You wanted to master them just to know that you could?
How am I supposed to hold my head up and make a record that's a straight trap joint, just a bunch of high hats going and some cool drums with nothing else there? Anybody can do that. Jay Z always told me to do what it is that makes me special, and that's the piano.

You've also been dabbling in EDM. How are you applying your technique that type of music?
The chords and inversions of the chords are similar to what I do. I've had to take on a whole new formula for making music though and it's a different thought pattern. That music is very mathematical, and sonically it's kind of cool because the actual sounds you use are so unique and the EDM fans are really looking for that.

How'd you decide you wanted to get involved and create something?
To me it's always fun to take on music you're not experienced with because it's a challenge to learn it. It's fun and I enjoy doing it, but I'm not even going to front, with the whole financial structure of EDM, I'd be a fool not to get involved. I figure if I like it, and there's millions of dollars to make doing it, then why should I not do it?

Do you think because you're not partying like you used to that you have all the extra time to do both projects right now?
It's almost like I graduated. If I want to go to a club in Miami, I can still get ushered into the VIP, girls everywhere and all that still to this day, and that's cool because sometimes you want to tap into that energy, feel yourself a little bit. But frankly, I don't give a shit about that stuff anymore. Dr. Dre and I had a conversation about this in the studio and I'll never forget it. He looked me dead in the eyes and said, "Scott there's two things that I know are going to happen every day. The sun is going to come up, and there'll be a party with bitches. That's never going to change." So I'm getting my work on and I'm not worried about any of that shit. That's where I'm at right now. I'd rather be making new hits then cut loose at the club.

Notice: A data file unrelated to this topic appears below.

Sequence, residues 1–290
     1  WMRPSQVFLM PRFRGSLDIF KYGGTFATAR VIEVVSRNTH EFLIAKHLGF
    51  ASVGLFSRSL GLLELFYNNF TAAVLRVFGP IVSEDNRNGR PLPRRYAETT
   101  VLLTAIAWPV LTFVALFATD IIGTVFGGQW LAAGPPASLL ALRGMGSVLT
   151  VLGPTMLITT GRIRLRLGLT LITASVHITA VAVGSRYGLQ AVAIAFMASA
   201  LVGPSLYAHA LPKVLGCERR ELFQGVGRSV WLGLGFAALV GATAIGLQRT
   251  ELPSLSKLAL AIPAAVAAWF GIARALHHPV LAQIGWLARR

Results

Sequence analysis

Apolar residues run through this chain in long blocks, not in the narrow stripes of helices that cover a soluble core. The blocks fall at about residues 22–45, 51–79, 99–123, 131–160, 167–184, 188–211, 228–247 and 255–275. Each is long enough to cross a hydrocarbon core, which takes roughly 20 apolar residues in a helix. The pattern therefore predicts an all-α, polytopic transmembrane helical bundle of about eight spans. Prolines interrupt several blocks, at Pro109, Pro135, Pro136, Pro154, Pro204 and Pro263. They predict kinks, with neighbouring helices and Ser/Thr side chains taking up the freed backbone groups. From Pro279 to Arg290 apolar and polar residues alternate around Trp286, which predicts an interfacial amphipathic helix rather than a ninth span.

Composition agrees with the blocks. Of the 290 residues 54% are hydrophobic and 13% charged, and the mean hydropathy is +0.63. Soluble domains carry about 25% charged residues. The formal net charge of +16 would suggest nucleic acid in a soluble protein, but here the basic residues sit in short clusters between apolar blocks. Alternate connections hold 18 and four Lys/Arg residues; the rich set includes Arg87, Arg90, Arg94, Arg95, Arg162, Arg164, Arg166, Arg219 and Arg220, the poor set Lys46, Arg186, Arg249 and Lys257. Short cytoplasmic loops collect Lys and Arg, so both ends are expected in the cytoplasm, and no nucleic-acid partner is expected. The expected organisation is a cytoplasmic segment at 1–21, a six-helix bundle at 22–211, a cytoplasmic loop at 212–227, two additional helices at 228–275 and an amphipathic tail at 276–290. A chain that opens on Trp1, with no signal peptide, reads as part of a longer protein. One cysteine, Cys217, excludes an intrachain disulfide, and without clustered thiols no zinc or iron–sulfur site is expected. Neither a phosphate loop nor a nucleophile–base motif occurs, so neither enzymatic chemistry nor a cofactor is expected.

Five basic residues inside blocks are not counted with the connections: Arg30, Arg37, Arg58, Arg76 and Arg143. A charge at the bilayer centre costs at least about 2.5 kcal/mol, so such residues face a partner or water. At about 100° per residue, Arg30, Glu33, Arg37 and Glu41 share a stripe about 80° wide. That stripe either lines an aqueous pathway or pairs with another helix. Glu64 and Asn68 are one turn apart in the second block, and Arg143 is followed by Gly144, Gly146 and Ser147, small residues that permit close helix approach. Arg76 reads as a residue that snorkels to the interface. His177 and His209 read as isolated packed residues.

What's your relationship like with Dr. Dre now?
I haven't spoken to Dre in a minute, but we'll always be cool. Last time I hung with him was about a year ago, we got dinner at Katana in LA. Fat Joe was with us too. His doors are always open to me, and he's given me certain seniority among his creative circle in music. He tolerated so much bullshit [from] me in the past, but now that I'm actually focused and concentrating I know we'll make something great in the studio again together.

Maybe he was waiting for you to be back on your game to drop "Detox."
Possibly. We had a record for it that was amazing. Jay got on it and we were all excited about it.

"Under Pressure," right?
Yeah, but it leaked. Dre is strict about if something get's leaked, that's it. That was still a dark time for me, and I thought that record was going to catapult me back to the top, so it was hard. But the future is bright, and I'm sure there's another Dr. Dre and Scott Storch hit record in it.

I definitely want a hit record with Jay Z.

What do you think you have left to prove?
That I'm back; that I got my sanity; that I'm not a crackhead. I'll always have my work ethic and drive. I got a taste of the good life before, and I'm going to get it back, don't even worry about that. I'm making way better music now. I don't have one foot out the studio door thinking about some bitch I'm trying to see or whatever. I'm happy busting creative nuts now. Every time I finish a track now, I play it back and try to think what Dre or Jay would say about it, whether they'd like it or not. I'm excited to hear what they think of the "Supreme" record with Ross.

Is there anything left unchecked on your Hip Hop bucket list?
Yeah, I definitely want a hit record with Jay Z. He has his crew he works with, and I've floated around them a few times, Bleek with the "Murda Murda" joint, I co-produced "Hola Hovito" with Timbaland, and a couple other records. But one-on-one, me and that dude are going to get a hit record. Just for the child in me that has to have it. Not just any song on an album, but a true hit that has its place in music history.